Hurricane Arthur strengthens, stalks US East Coast

Hurricane Arthur strengthens, stalks US East Coast
Hurricane Arthur over the Atlantic is shown in this photo from the International Space Station and tweeted by European Space Agency astronaut Gerst.

MIAMI - Hurricane Arthur strengthened into a potentially destructive category-two storm Thursday as it closed in on the US East Coast, with millions of people braced for its impact on the eve of the Independence Day holiday.

The first storm of the Atlantic hurricane season was packing maximum winds of 100 miles (160 kilometers) per hour, forecasters said, warning North Carolina - home to many popular holiday destinations - would bear the brunt of Arthur's fury.

North Carolina state Governor Pat McCrory said emergency preparation efforts had been made more complicated by the arrival of thousands of tourists, who have flocked to beaches for the annual summer holiday pilgrimage.

Heavy rain and strong winds lashed the North Carolina coast, but the eye of the storm was not forecast to hit until overnight, before heading up the coast and threatening areas as far north as Nova Scotia in Canada.

After ratcheting the hurricane up a grade, the National Hurricane Center predicted there would be "little change in strength," and that the storm would fizzle out to a post-tropical cyclone on Saturday.

But in the meantime thousands of people were already without power in North Carolina, news reports said, and there was localized flooding in areas including the coastal city of Wilmington.

"Our main issue is the health and safety of our citizens and those people who are visiting North Carolina," McCrory said.

Emergency declarations were issued by several counties in the southern state, which opened emergency shelters and ordered evacuations in low-lying areas.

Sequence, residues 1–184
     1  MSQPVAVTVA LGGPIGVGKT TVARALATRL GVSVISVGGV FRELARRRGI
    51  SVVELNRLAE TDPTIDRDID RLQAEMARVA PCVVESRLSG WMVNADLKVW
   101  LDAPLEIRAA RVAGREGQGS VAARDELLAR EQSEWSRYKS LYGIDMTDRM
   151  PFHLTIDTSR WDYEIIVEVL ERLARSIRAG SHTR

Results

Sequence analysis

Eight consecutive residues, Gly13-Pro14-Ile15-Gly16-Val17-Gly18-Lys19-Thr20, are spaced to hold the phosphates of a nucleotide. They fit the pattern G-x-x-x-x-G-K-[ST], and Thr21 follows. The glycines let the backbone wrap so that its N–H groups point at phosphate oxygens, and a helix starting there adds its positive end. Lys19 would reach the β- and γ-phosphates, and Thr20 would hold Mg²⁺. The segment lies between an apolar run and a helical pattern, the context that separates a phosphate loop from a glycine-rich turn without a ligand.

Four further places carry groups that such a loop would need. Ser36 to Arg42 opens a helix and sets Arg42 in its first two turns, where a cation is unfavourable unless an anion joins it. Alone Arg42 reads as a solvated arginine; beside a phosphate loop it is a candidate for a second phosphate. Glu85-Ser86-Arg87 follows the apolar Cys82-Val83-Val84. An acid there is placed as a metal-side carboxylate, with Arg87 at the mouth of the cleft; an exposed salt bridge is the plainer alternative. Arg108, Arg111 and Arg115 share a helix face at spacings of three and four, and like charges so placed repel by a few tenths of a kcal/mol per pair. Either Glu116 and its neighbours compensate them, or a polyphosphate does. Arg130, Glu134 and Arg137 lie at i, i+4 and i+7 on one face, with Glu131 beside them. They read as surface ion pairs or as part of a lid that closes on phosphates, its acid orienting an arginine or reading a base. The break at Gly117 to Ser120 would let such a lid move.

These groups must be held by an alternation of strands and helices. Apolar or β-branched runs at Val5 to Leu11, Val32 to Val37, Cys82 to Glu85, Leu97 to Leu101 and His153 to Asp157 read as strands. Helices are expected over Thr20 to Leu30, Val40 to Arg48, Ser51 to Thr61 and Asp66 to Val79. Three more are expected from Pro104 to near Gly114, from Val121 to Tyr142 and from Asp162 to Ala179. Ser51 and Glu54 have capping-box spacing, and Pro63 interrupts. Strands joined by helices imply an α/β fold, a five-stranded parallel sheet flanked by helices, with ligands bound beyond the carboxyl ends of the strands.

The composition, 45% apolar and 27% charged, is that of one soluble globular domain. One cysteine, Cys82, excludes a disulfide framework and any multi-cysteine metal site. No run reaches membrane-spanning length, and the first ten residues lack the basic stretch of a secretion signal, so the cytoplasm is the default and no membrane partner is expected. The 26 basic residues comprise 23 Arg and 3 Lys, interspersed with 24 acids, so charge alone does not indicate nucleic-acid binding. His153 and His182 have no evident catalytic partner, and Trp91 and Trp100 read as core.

"As the hurricane moves north, more counties are likely to declare a state of emergency," McCrory added.

National Hurricane Center forecasters warned of "large and damaging waves" and cautioned: "Preparations to protect life and property should have already been completed."


No 'stupid hat'

McCrory urged residents and tourists to use common sense, to stay out of the water and out of harm's way, with storm surges of up to five feet (1.5 meters) predicted.

Up to eight inches (20 centimeters) of rain were expected in coastal areas.

"Don't put your 'stupid hat' on," McCrory said.

"Let's hope for the best, pray for the best, that Arthur clears out quickly so we can all get back to celebrating our country's independence, with our families and friends on North Carolina's beautiful beaches." As many as half a million visitors had been expected in the coastal Carolinas for the national holiday, the region's biggest tourist weekend.

Authorities issued a mandatory evacuation order for Hatteras Island and a voluntary evacuation order for Ocracoke Island, both in North Carolina's Outer Banks, CNN reported.

But it was not just North Carolina - where tornado warnings were activated in some areas - that was bracing for Arthur's impact.

The storm, which strengthened into a hurricane earlier Thursday, threatened to scuttle traditional Independence Day weekend picnics, parades and fireworks displays for millions of Americans along the East Coast, as far north as New England.

Dangerous storm swells were expected as far south as central Florida, weather officials said.

The Atlantic hurricane season began June 1 and runs through November 30.

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